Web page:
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From Album and Sex Tape Sales to ‘Celeb Rehab’ Bashing: The Fallout From Mindy McCready’s Suicide

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McCready. (Angela Weiss/Getty Images)

When Mindy McCready ended her life, she created a complex legacy.

As of Tuesday, two days after her tragic suicide, the country singer’s 1996 debut single, “Ten Thousand Angels,” had catapulted to No. 79 on the iTunes Songs chart – putting her ahead of Justin Bieber’s “As Long As You Love Me,” One Direction’s “What Makes You Beautiful,” and recent Grammy-winner Miguel’s “Adorn.”

Also, two of her five albums, gained some serious tread on iTunes’ Albums chart. Her 2000 Super Hits collection, which sells for $5.99, is currently at No. 43, and her debut, Ten Thousand Angels, is at No. 83.

Although Apple PR tells omg! the company does not track sales, it’s probably safe to assume both the single “Ten Thousand Angels” and both albums were nowhere near even being on any charts before her death.

[Related: Mindy McCready's Final Recorded Conversation: 'The Cruelest, Most Awful Situation I've Ever Seen']

But there’s one piece of McCready media that fans will no long be able to get their hands on: her 2010 sex tape.

Vivid Entertainment, which has released XXX videos starring Kim Kardashian and Kendra Wilkinson, has decided to pull “Baseball Mistress,” which was named in reference to her decade-long affair with married New York Yankees pitcher, Roger Clemens … even though it starred McCready and a boyfriend named “Peter.” In between McCready and Peter’s steamy scenes, she dished on her romps with Clemens despite him “having a lot of problems” with erectile dysfunction, and compared his bedroom skills to her former fiancé, actor Dean Cain.

"The situation surrounding Mindy's death is so tragic and sad,” Vivid Entertainment founder/co-chairman Steven Hirsch, tells omg! in an exclusive statement. “We decided to stop marketing her tape as a gesture of respect."

Vivid declined to provide the sales figures for McCready’s video, as per company practice.

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Mindy McCready in concert. (Brad Barket/WireImage)

Another piece of the entertainment world that hangs in the balance is “Celebrity Rehab With Dr. Drew,” which McCready appeared on in early 2010 to get help with her dependence on alcohol and Oxycontin. McCready’s death on Sunday, which capped off weeks of binge-drinking according to her father, marked the fifth person from the show – and the third on her season alone – to have relapsed and died.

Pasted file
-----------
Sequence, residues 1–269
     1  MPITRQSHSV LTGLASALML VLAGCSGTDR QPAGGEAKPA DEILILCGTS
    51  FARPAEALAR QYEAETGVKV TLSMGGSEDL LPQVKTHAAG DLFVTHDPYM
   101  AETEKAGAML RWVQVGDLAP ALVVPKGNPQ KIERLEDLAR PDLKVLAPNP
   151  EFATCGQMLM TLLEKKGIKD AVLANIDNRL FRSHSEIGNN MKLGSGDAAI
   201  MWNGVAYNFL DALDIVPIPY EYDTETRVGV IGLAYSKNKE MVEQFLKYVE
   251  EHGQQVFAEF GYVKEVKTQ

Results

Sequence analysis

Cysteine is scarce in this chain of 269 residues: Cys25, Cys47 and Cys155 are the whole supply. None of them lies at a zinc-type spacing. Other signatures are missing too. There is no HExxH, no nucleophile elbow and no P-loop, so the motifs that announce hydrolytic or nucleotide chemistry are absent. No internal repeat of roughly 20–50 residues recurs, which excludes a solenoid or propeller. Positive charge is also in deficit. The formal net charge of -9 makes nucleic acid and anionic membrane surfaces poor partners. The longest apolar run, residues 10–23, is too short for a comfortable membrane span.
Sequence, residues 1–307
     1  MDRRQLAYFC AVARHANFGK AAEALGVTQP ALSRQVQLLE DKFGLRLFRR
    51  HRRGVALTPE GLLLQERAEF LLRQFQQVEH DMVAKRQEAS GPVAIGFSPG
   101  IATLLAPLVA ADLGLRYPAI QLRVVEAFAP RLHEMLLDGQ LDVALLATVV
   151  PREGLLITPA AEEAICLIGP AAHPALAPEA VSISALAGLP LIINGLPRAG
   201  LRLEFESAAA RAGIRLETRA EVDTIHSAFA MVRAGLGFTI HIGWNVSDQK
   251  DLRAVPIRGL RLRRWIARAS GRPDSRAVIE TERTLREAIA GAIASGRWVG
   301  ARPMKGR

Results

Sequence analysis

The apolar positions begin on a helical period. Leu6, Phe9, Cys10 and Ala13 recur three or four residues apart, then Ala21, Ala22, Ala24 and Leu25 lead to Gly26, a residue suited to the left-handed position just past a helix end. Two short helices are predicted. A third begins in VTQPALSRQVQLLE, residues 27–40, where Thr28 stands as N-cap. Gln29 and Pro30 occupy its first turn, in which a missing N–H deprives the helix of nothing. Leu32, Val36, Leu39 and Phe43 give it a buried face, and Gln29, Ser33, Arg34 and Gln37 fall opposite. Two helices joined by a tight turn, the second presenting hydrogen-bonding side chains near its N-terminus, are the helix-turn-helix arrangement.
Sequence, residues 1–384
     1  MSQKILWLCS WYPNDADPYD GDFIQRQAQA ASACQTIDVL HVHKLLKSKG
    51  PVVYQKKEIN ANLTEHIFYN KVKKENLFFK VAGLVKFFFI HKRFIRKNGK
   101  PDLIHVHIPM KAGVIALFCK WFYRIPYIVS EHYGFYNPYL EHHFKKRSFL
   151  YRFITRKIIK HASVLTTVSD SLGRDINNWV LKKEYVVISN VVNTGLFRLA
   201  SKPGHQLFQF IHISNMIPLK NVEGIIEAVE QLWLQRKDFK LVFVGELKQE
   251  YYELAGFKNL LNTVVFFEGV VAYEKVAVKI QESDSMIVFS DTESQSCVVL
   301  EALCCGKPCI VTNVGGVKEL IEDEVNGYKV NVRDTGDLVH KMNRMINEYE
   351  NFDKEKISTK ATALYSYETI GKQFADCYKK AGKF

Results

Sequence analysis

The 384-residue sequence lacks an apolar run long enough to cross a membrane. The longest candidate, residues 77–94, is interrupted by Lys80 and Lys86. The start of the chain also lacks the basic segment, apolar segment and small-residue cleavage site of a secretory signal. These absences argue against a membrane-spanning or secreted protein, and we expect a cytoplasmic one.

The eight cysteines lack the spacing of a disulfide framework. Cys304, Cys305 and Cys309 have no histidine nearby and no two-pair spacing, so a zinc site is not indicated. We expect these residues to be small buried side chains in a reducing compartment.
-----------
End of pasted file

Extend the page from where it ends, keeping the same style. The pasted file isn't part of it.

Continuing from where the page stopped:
Since McCready’s death on Sunday, Dr. Drew and his VH1 show have faced some serious backlash, with singer Richard Marx even comparing him to Dr. Kevorkian on Twitter because both men had “similar results” with their patients. A source close to Dr. Drew tells omg!, “Pointing blame or insinuating a TV show has anything at all to do with Mindy's death diminishes Mindy's struggle with mental illness and substance abuse and perpetuates the stigmas that keep people from getting the help they need.”

[Related: Mindy McCready Suicide: Fans, Friends Share Mixed Reactions]

Bob Forrest, Head Counselor on "Celebrity Rehab," shared his feelings on McCready's passing on "omg! Insider" on Monday, and explained that the singer’s problems were not so simple. "One of the key things is Mindy had two, possibly three or four interwoven problems," including personality disorder and addiction, he said. "If one doesn’t get you the other one does ... They all play together in this perfect storm.”

But another addiction expert agrees that the popular TV program is not the way to properly administer treatment to people in need. Doug Thorburn, author of Alcoholism Myths and Realities, explains to omg! that Alcoholics Anonymous was created with the “understanding that alcoholism (and most other-drug addiction) causes egomania” and therefore “requires anonymity … ‘Celebrity Rehab’ and other shows like it violate this essential prerequisite to recovery; hence, so many relapses and, even, suicides.”

And as for the reports that “Celebrity Rehab” pays its famous patients $250,000 for their 21-day stay on the show, Thorburn adds that the monetary incentive only acts like an enabler. “Give me two equally down addicts, one with money and one without: the one without has the greater chance of getting abstinent and achieving long-term sobriety,” he adds. “Hence, I’m not sure rehab really does anyone any good other than to get them started.”

A rep for Dr. Drew informed omg! that he will not be doing any interviews at this time. A separate rep for VH1's “Celebrity Rehab” declined comment on the situation, but did state that "The show is not currently on the schedule nor is it in production."

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